where the exact percentages are given in parentheses. In this case, I do not display the approximate probabilities given by the independent binomial assumption since the two cases are identical (there is only one player).

For two players, there are C(52,4) * (1*3) = 812,175 ways of dealing two players two-card hands.

N=2 Players
----------
No Pair : 719,472 ( 88.5858%; 88.5813%; 1.000051)
One Pair: 89,856 ( 11.0636%; 11.0727%; 0.999184)
Two Pair: 2,847 ( 0.3505%; 0.3460%; 1.013061)

TOTAL DEALS: 812,175 (100%)

where now in parentheses are shown the exact probability, the approximate probability using the independent binomial assumption, and the ratio of the exact probability to the approximate probability.

You will see that the independent binomial approximation underestimates the probability of 0 pair and 2 pair, and overestimates the probability of 1 pair. This tendency holds for all N as in reality one player holding a pocket pair makes it slightly more likely that any other player also holds a pocket pair, and one player not holding a pocket pair makes it slightly more likely that any other player also does not hold a pocket pair.

For three players, there are C(52,6) * (1*3*5) = 305,377,800 ways of dealing three players two-card hands.

N=3 Players
----------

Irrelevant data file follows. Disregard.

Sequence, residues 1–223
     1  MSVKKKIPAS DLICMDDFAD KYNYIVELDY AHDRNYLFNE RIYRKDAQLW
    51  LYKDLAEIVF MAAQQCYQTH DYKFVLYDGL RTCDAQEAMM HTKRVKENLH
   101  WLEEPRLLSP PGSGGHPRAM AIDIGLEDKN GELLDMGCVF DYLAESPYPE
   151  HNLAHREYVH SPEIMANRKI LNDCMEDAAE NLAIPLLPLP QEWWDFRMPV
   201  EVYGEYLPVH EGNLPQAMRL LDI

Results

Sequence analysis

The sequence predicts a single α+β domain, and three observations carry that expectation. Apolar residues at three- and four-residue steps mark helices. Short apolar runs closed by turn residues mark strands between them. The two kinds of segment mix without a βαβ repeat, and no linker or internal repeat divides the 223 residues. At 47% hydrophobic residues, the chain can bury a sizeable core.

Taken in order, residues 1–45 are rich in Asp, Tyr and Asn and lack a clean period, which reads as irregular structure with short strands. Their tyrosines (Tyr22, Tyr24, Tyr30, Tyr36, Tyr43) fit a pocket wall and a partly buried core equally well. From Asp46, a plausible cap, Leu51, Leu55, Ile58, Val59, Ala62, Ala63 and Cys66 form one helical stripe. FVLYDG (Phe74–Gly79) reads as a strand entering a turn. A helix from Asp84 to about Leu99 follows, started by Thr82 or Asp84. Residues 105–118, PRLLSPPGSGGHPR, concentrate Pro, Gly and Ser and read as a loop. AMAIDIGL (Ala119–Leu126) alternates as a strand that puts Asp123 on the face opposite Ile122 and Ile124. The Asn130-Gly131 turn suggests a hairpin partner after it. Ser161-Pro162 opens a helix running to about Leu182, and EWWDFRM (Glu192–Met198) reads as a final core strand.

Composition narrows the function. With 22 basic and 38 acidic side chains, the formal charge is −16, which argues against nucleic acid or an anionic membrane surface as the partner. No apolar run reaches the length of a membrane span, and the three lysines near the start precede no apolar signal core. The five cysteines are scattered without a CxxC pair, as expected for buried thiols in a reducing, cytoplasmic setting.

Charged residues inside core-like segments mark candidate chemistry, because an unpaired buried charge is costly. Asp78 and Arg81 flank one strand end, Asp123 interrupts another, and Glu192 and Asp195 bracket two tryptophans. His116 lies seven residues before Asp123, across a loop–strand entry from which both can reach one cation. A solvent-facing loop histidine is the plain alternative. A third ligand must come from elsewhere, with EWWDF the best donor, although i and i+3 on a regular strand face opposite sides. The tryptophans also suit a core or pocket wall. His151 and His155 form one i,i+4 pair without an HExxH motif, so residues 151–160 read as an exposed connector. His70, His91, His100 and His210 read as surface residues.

No Pair : 254,634,432 ( 83.3834%; 83.3706%; 1.000153)
One Pair: 47,661,120 ( 15.6073%; 15.6320%; 0.998418)
Two Pair: 3,017,664 ( 0.9882%; 0.9770%; 1.011437)
Three Pair: 64,584 ( 0.0211%; 0.0204%; 1.039045)

TOTAL DEALS: 305,377,800 (100%)

For four players, there are C(52,8) * (1*3*5*7) = 79,016,505,750 ways of dealing four players two-card hands.

N=4 Players
----------
No Pair : 62,020,470,096 ( 78.4905 %; 78.4665 %; 1.000306)
One Pair: 15,464,756,736 ( 19.5716 %; 19.6166 %; 0.997702)
Two Pair: 1,467,494,496 ( 1.8572 %; 1.8391 %; 1.009865)
Three Pair: 62,764,416 ( 0.0794 %; 0.0766 %; 1.036600)
Four Pair: 1,020,006 ( 0.00129%; 0.00120%; 1.078153)

TOTAL DEALS: 79,016,505,750 (100%)

For five players, there are C(52,10) * (1*3*5*7*9) = 14,949,922,887,900 ways of dealing five players two-card hands.

N=5 Players
----------
No Pair : 11,046,277,262,592 ( 73.8885 %; 73.8508 %; 1.000511)
One Pair: 3,439,978,397,856 ( 23.0100 %; 23.0784 %; 0.997037)
Two Pair: 434,873,140,416 ( 2.9089 %; 2.8848 %; 1.008343)
Three Pair: 27,876,790,656 ( 0.1865 %; 0.1803 %; 1.034209)
Four Pair: 905,389,056 ( 0.0061 %; 0.0056 %; 1.074858)
Five Pair: 11,907,324 ( 0.000080%; 0.000070%; 1.130889)

TOTAL DEALS: 14,949,922,887,900 (100%)

For six players, there are C(52,12) * (1*3*5*7*9*11) = 2,145,313,934,413,650 ways of dealing six players two-card hands.

N=6 Players
----------
No Pair : 1,492,278,187,226,112 ( 69.5599 %; 69.5067 %; 1.000766)
One Pair: 557,175,599,735,040 ( 25.9718 %; 26.0650 %; 0.996423)
Two Pair: 87,971,700,939,408 ( 4.1006 %; 4.0727 %; 1.006872)
Three Pair: 7,512,990,046,848 ( 0.3502 %; 0.3394 %; 1.031871)
Four Pair: 365,736,653,568 ( 0.0170 %; 0.0159 %; 1.071618)
Five Pair: 9,613,334,016 ( 0.00045 %; 0.00040 %; 1.126693)